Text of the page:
CAC CA-12 Boomerang
and Fuselage Details
by Brett Green
Corporation CA-12 Boomerang A46-25
HyperScale is proudly supported by Squadron
Australia was in a desperate situation in December 1941.
The British Empire in the Far East was crumbling under the advance of
the Japanese Army and Navy, and the United States was still reeling
after the attack on Pearl Harbor. The cream of Australian soldiers and
airmen were in the Middle East and the United Kingdom. There was no
effective air defence against the southward bound Japanese, and no
guarantee that supplies of fighter aircraft would be forthcoming from
either Britain or the United States.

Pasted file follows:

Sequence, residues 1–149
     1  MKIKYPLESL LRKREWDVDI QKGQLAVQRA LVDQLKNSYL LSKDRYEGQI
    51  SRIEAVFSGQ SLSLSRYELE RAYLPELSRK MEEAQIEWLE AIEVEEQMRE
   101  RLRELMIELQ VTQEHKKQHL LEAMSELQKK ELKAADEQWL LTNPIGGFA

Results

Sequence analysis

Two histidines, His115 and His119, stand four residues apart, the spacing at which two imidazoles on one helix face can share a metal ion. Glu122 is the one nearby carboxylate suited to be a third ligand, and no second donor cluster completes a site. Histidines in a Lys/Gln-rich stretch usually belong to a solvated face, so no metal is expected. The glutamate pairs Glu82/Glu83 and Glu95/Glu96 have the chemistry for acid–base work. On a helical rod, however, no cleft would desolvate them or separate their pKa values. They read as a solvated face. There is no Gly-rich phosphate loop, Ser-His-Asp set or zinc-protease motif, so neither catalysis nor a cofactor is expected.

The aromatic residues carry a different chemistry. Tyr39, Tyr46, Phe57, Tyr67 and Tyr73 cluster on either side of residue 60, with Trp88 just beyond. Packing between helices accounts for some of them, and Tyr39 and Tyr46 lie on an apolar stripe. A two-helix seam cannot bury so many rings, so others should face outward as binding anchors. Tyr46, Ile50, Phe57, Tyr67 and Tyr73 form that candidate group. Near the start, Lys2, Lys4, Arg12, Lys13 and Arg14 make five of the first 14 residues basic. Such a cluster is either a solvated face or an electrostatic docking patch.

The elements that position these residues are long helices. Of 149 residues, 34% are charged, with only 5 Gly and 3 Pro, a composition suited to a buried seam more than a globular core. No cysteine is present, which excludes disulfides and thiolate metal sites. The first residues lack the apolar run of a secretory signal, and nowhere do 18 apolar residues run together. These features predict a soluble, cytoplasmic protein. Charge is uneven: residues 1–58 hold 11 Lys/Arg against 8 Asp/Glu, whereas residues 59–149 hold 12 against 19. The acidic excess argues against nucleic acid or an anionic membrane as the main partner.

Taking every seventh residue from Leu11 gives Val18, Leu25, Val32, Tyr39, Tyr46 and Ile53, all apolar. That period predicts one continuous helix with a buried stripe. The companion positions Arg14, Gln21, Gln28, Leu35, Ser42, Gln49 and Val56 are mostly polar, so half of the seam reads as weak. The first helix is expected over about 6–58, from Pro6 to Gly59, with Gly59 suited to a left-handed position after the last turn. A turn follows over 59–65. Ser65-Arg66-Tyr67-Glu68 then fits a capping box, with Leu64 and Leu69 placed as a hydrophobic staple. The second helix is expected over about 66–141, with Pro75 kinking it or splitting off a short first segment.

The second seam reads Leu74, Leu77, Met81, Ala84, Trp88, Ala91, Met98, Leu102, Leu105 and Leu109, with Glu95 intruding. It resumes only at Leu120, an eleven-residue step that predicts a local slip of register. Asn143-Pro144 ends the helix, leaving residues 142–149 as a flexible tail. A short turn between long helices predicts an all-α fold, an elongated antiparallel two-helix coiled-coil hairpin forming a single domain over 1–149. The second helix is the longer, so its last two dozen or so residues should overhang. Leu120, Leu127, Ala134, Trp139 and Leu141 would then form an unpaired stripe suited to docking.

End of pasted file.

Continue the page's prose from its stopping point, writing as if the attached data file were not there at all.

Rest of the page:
The decision was therefore taken to design and build a home-grown
"stop-gap" fighter that would utilise as many components of the Wirraway
trainer as possible, mated to a 1200HP Pratt & Whitney Twin Row Wasp
engine. Remarkably, the new aircraft made the journey from concept to
first flight in 22 weeks. The Boomerang was born.
In the event, the Boomerang was not used as a fighter/interceptor.
That honour fell to Kittyhawks and, later, Spitfires. However, the
Boomerang proved its worth in the role of communications and liaison, as
well as close-support duties.
The Boomerang at Moorabin Air Museum was delivered in January 1943
and served with No 83 Squadron RAAF.
These photographs were taken in March, 2000.
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Text & Images Copyright © 2003 by
Page Created 25 April, 2003
19 April, 2004
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